Since technical constraints regarding the spawning of mature giant clams and raising of larvae and juveniles were overcome in the 1980s, interest in giant clam culture and population management has increased considerably84. Giant clam mariculture has several advantages: the animals require no artificial feeding, rearing techniques are relatively simple and the setting up of facilities requires little capital investment and can involve local community members. Furthermore, unlike many other forms of mariculture it does not require broodstock to be continuously captured from the wild and hence the impact on wild stocks is minimal.

James Cook University in Australia, the Micronesian Mariculture Demonstration Centre (MMDC) in Palau and the Coastal Aquaculture Centre (CAC) in the Solomon Islands80 have developed pioneering research activities on clam mariculture. In the 1980s, scientists from Australia, the Philippines and a range of Pacific Islands nations (e.g. Kiribati, Fiji, the Solomon Islands and Palau) teamed up to further develop advanced giant clam mariculture technologies220.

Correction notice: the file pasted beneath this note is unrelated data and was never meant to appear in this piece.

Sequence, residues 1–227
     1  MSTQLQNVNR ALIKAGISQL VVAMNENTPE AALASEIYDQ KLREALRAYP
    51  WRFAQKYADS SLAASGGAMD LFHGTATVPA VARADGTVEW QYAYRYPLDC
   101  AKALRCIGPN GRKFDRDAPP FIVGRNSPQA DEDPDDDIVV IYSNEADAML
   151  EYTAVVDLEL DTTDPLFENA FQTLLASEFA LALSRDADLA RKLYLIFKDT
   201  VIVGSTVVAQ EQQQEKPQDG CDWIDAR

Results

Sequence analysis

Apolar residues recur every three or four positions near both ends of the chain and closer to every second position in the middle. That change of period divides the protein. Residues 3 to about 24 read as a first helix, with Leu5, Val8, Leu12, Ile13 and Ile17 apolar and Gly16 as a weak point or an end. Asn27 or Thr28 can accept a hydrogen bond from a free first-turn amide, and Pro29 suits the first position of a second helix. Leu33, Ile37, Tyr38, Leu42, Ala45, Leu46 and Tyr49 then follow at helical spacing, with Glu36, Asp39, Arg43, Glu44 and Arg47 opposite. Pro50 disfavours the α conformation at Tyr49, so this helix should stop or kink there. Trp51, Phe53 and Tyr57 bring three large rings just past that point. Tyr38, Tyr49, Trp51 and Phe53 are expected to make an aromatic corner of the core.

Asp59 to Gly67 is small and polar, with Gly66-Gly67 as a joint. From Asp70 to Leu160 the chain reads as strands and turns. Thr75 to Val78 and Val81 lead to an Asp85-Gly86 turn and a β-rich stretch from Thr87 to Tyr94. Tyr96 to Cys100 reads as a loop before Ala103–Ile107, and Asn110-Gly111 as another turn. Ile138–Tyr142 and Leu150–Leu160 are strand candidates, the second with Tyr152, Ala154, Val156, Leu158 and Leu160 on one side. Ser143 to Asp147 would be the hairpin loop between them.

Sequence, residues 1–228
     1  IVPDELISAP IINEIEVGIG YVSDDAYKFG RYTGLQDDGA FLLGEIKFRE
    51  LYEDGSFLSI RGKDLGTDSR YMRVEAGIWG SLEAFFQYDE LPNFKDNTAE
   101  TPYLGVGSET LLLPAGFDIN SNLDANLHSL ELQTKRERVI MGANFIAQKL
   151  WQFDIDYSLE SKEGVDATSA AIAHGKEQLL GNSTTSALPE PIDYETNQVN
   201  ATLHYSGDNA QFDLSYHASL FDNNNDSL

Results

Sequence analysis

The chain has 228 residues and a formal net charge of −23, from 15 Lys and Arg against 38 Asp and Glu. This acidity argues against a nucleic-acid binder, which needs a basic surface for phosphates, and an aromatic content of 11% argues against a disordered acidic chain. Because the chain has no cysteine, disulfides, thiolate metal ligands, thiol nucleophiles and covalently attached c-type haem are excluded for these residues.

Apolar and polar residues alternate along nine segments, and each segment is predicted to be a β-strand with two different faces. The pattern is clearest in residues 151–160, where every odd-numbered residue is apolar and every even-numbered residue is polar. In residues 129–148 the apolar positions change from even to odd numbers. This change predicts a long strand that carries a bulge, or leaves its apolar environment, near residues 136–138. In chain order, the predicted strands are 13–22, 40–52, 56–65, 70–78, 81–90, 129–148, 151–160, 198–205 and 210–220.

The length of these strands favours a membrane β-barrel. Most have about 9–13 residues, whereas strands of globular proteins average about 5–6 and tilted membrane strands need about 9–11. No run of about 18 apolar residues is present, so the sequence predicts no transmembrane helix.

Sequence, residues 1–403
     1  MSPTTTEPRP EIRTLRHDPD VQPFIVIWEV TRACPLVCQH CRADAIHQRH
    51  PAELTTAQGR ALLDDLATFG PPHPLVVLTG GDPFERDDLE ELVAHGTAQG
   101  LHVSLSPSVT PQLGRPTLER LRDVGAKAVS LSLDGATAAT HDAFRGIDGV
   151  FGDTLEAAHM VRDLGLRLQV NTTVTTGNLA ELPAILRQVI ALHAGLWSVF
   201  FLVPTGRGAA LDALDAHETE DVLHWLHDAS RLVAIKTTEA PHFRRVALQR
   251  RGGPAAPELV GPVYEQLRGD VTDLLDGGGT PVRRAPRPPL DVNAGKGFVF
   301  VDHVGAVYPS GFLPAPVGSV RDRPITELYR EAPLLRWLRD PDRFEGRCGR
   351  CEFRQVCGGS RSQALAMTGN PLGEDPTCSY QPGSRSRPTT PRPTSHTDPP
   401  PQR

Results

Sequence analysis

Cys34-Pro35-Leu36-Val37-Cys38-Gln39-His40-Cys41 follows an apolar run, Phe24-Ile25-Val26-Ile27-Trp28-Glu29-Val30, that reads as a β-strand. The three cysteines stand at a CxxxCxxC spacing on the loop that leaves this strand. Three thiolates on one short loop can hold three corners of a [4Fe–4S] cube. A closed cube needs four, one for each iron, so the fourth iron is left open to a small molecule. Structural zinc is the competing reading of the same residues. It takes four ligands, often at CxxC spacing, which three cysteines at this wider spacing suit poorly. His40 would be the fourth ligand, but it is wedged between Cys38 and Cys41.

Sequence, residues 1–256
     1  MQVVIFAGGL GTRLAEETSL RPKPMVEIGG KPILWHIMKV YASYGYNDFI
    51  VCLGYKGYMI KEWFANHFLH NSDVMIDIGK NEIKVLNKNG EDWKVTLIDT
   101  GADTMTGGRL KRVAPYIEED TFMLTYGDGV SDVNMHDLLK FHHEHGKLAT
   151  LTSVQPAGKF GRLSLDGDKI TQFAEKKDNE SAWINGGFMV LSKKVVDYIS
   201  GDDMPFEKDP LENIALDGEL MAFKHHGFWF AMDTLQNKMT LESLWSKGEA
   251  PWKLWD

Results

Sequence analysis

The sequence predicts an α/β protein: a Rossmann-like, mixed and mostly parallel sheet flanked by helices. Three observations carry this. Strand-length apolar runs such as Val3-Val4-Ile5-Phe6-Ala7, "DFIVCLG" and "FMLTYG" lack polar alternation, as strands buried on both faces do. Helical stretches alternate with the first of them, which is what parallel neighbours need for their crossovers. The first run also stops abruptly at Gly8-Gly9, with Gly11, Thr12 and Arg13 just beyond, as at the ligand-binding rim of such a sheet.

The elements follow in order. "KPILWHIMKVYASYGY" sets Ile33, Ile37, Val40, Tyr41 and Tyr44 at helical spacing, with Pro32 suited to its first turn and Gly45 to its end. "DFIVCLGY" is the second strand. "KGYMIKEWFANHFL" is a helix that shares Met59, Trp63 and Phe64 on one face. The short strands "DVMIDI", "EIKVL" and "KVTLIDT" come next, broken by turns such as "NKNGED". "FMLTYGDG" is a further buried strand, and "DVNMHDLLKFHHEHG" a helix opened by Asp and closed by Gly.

The initial interest in culturing giant clams came from concerns related to the decline, and in some cases extinction, of wild stocks throughout their range, due partly to increasing pressure on coastal systems as a result of settlement expansion, pollution and improved harvesting efficiency. Hatcheries were initially developed to reseed depleted reefs and with the aim of growing clams as a food source to relieve pressure on wild populations81, provide employment and earn foreign exchange80. Nowadays, giant clams are also reared specifically for sale as aquarium species with government and commercial hatcheries in most tropical Pacific nations and island groups where giant clams are known to occur. These hatcheries are having commercial success because the giant clams can be sold at smaller sizes and thus the loss rate experienced due to predation on cultured stocks is reduced80. In fact giant clam farms developed for subsistence purposes showed poor economic viability82. Any conservation efforts for invertebrates other than clams and cleaner shrimps would be constrained by the near uniform lack of information on key life history characteristics.

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